Researchers have shown that familial risk of developing alcohol related disorders is determined by social consequences of alcohol abuse rather than people's physical dependence on alcohol.
Alcohol Use Disorder (AUD) affects 18 million people in the U.S. AUD is classified under alcohol abuse and alcohol dependence.
Alcohol Abuse (AA) is when a person is not physically dependent on alcohol but has a high risk of developing psychosocial problems due to excessive alcohol intake while Alcohol Dependence (AD) is when the person is physically dependent on alcohol. People with AD may have severe symptoms like withdrawal and craving.
Researchers from the Virginia Commonwealth University School of Medicine studied the effects of AA and AD on familial risk. According to the National Institute of Alcohol Abuse and Alcoholism, a person who has had an alcoholic in the family is at four times the risk of being an alcoholic throughout his/her life.
"We decided to look at the clinical features of AA and AD as they correspond to familial liability to AUDs because familial risk of illness has been long used as a major validator of diagnostic approaches in psychiatry," explained Kenneth S. Kendler, professor of psychiatry at the Virginia Commonwealth University School of Medicine and corresponding author for the study.
Kendler added that in the Diagnostic and Statistical Manual of Mental Disorders-III (DSM-III) criteria, AA and AD were thought to be different syndromes with distinct symptoms. Many studies have shown that these two categories are similar to each other.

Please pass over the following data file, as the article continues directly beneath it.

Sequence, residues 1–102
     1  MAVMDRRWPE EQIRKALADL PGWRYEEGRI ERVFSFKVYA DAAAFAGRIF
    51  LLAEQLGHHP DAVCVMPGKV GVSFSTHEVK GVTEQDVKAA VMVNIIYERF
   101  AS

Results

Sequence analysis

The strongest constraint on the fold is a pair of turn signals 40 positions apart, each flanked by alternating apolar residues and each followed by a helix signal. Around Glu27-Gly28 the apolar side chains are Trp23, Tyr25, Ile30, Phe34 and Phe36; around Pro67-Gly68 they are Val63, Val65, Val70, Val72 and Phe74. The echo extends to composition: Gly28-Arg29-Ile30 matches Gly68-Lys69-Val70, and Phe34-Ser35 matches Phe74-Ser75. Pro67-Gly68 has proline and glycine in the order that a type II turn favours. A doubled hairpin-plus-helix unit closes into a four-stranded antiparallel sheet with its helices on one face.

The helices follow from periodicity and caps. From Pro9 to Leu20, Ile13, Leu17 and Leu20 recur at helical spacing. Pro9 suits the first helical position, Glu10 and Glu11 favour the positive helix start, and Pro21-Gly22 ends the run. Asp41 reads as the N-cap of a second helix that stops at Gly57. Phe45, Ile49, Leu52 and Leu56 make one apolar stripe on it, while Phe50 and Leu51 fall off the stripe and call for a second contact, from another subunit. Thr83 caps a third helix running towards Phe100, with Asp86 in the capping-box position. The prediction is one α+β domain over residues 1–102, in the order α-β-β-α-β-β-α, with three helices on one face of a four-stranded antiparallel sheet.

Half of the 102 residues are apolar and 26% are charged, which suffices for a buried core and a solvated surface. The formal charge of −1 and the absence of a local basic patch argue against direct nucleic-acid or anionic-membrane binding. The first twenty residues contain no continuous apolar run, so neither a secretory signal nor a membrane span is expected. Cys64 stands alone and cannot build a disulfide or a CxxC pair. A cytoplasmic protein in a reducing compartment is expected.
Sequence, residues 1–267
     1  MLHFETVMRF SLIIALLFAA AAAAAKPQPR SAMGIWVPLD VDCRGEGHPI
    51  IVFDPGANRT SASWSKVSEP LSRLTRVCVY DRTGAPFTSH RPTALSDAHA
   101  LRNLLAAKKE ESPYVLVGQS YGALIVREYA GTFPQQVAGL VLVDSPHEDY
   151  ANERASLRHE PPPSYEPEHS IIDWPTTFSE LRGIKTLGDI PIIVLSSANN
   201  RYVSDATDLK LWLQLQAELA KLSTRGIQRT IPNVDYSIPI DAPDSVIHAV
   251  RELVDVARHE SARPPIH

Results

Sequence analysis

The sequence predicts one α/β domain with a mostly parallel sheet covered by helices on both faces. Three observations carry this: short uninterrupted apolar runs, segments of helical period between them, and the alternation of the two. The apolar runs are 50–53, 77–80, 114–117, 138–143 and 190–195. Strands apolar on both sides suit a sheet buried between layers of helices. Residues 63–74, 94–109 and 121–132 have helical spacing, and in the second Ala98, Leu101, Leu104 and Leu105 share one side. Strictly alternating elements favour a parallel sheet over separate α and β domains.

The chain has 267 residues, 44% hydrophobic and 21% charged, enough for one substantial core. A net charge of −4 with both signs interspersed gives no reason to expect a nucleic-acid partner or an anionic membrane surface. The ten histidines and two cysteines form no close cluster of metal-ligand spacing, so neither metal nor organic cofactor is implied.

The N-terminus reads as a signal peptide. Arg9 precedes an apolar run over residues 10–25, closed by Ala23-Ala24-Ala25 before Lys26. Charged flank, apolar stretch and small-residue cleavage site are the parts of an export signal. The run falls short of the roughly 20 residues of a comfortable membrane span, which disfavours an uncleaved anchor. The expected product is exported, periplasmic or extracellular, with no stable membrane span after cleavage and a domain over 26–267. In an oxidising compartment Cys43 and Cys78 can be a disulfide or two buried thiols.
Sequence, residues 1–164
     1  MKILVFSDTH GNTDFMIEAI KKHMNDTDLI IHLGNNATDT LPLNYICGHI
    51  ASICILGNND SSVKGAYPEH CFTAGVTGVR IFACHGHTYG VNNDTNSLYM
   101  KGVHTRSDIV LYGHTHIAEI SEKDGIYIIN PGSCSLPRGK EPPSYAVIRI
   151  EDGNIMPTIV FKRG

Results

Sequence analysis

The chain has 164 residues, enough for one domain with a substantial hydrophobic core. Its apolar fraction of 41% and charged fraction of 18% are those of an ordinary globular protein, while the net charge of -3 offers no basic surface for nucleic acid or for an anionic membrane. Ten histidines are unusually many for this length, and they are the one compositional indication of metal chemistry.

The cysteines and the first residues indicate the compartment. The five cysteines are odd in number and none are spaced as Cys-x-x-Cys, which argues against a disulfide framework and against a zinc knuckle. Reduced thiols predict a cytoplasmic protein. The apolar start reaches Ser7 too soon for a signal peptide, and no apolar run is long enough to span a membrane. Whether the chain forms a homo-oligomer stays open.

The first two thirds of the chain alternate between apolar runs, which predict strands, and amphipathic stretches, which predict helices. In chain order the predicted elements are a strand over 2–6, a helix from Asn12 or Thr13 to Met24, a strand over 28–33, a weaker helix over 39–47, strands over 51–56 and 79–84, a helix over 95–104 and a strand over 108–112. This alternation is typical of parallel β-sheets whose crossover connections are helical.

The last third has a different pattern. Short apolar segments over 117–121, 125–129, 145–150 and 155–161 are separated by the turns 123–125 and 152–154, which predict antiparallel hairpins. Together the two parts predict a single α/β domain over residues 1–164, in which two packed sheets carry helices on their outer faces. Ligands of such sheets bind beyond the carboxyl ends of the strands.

The study was based on 1,120 twins from the Virginia Twin Study of Psychiatric and Substance Use Disorders. The participants met the Diagnostic and Statistical Manual of Mental Disorders-IV (DSM-IV) criteria for lifetime AUDs. Researchers assessed whether AA or AD predicted familial risk of alcohol abuse.
Researchers found that the negative social consequences of drinking a lot of alcohol reflects a genetic risk of alcohol disorders better than a person's ability to hold on to more liquor.
"Symptoms of alcohol abuse do a better job of reflecting the familial risk for AUDs than symptoms of dependence. This is not what we expected. Clearly the symptoms of alcohol abuse may have more validity than they are commonly given credit for," said Kendler.
Researchers found that a factor significantly determining familial risk was AUD-associated legal problems. The latest diagnostic manual DSM-5 will probably not have this criterion for alcohol use disorders.
"This removal is slated to occur largely through the influence of the International Classification of Diseases 11th Revision (ICD-11) which is used worldwide and is itself slated for revision by 2015. The DSM-5 authors are concerned that legal standards differ so widely across the world that it would be problematic to use any criteria reflecting legal practices," explained Kendler.
New York Times had reported in May that the proposed revision for substance use would put 20 million more people in the category of "addicts."